-Belief that Christ’s death was the atonement for sin
    -Bodily resurrection of Jesus
    -Historical reality of the miracles of Jesus

    . . . all of which I believe.

    The term fundamentalist has come to be used to describe Young Earth creationism, with which I do not agree.

    Just dealing with point #1 above, one either believes that the bible is inspired by God, or they don’t. Strangely, there seem to be a lot of people that want to pick and choose which parts of the bible they will obey. When someone goes through the bible and cites verses which agree with their point(s) of view, while dismissing others, they aren’t really studying the bible. They are, in fact, studying their opinion, then claiming that these opinions are biblical when, in fact, they are simply verse-checking, out of context.

    As far as church supplementing or even replacing the bible: on what grounds could they make that claim. Moses made some bold claims, but he also showed Divine backing, by parting a sea. Jesus shook things up, but also did things that could only happen with God’s approval and backing. Without these signs of God’s backing, the claims of any human are just that, merely human claims.

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    • leeduigon

      Hasn’t the Catholic Church always put “church teaching” on a par with Scripture?

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      • Linda Sorci

        In some instances, the Catholic Church has indicated their teachings are above Scripture – remember the pope is ‘infallible’ – and is called the Vicar of Christ (His replacement on earth)! Like Unknowable, I’m not picking on Catholics – but the institution itself is corrupt.

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      • UnKnowable

        Probably. I have started many a conversation by telling people that talking about God and talking about religion are not the subject. There are some wonderful, devout people that belong to churches, but that does not mean that their church represents true worship.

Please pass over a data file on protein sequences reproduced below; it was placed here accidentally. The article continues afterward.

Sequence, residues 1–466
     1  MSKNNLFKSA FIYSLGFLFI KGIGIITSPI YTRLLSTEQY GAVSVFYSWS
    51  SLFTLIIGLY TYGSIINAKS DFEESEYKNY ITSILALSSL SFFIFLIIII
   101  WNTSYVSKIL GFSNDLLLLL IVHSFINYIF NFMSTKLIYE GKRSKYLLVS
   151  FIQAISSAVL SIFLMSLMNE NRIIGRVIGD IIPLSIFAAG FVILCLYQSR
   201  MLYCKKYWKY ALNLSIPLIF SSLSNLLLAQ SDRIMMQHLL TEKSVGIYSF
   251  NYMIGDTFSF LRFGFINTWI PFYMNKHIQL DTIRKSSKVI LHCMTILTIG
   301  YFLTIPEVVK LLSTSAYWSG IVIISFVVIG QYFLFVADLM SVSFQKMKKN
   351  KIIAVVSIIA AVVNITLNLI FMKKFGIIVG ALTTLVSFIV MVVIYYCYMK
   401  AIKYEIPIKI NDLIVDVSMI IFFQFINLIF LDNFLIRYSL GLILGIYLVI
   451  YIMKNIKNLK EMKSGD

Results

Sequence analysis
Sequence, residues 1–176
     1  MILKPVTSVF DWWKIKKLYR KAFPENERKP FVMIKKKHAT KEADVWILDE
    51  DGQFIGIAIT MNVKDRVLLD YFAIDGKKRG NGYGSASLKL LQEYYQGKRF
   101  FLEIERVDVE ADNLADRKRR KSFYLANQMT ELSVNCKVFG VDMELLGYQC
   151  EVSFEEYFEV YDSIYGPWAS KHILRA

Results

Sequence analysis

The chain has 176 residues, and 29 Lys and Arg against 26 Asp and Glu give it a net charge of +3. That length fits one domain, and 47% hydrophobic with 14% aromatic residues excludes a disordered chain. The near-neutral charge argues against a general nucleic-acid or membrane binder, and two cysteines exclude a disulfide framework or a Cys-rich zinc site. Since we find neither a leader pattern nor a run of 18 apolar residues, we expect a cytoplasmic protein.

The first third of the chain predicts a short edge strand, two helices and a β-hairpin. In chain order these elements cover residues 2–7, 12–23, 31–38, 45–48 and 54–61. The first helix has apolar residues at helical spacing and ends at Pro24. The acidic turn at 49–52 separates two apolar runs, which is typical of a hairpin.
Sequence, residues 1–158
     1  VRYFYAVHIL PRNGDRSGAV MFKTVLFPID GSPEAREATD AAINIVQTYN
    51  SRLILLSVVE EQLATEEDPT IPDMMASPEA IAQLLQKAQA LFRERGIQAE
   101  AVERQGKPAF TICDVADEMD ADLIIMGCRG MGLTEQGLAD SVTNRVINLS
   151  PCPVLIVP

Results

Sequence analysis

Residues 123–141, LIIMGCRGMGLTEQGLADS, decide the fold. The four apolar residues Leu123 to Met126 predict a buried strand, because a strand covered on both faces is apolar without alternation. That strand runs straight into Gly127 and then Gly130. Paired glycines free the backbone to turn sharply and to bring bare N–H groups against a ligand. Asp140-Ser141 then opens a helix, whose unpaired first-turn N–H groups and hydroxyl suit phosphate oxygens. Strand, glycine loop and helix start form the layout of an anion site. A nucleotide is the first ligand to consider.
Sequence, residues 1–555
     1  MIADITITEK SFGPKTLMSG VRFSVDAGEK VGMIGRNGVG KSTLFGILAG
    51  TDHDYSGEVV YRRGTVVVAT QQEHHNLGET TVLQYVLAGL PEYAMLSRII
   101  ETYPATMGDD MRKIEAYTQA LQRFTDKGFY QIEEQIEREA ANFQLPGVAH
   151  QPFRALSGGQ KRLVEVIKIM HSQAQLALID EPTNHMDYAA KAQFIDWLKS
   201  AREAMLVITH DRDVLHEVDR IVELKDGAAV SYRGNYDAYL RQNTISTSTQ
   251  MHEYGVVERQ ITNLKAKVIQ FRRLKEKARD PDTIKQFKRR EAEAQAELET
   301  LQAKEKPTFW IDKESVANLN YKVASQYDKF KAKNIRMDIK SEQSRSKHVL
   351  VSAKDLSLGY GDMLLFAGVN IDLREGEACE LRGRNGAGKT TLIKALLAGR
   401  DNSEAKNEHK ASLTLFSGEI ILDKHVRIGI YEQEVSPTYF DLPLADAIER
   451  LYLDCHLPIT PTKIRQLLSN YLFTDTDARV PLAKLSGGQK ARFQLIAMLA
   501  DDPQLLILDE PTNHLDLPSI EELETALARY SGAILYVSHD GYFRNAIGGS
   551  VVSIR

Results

I suspect that the picture will clarify in the future. When the End Times events begin to unfold, the religions of the world will choose their side of the issue for once and for all. (Actually, the current Pope seems to have done this already.) Once the issue is out in the open, people will know what to do.

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        • Linda Sorci

          Indeed – and isn’t it interesting that he’s the first Jesuit pope?

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          • UnKnowable

            I didn’t realize that. Now things seem to make sense.

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          • leeduigon

            Poor John Paul II! He undertook the herculean labor of trying to break the power of the Jesuits, and look what happened. Meanwhile, they just might canonize him as a saint.

            It’s as if the Victorians hung pictures of Florence Nightingale in every bedroom in England, and still ran their military field hospitals as filthy, crowded death traps.

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  • Linda Sorci

    Well, this is interesting, and has never happened before with any of your posts or subsequent comments: I just discovered this one in my spam folder but am unable to determine which comment may have tossed it there.

    Like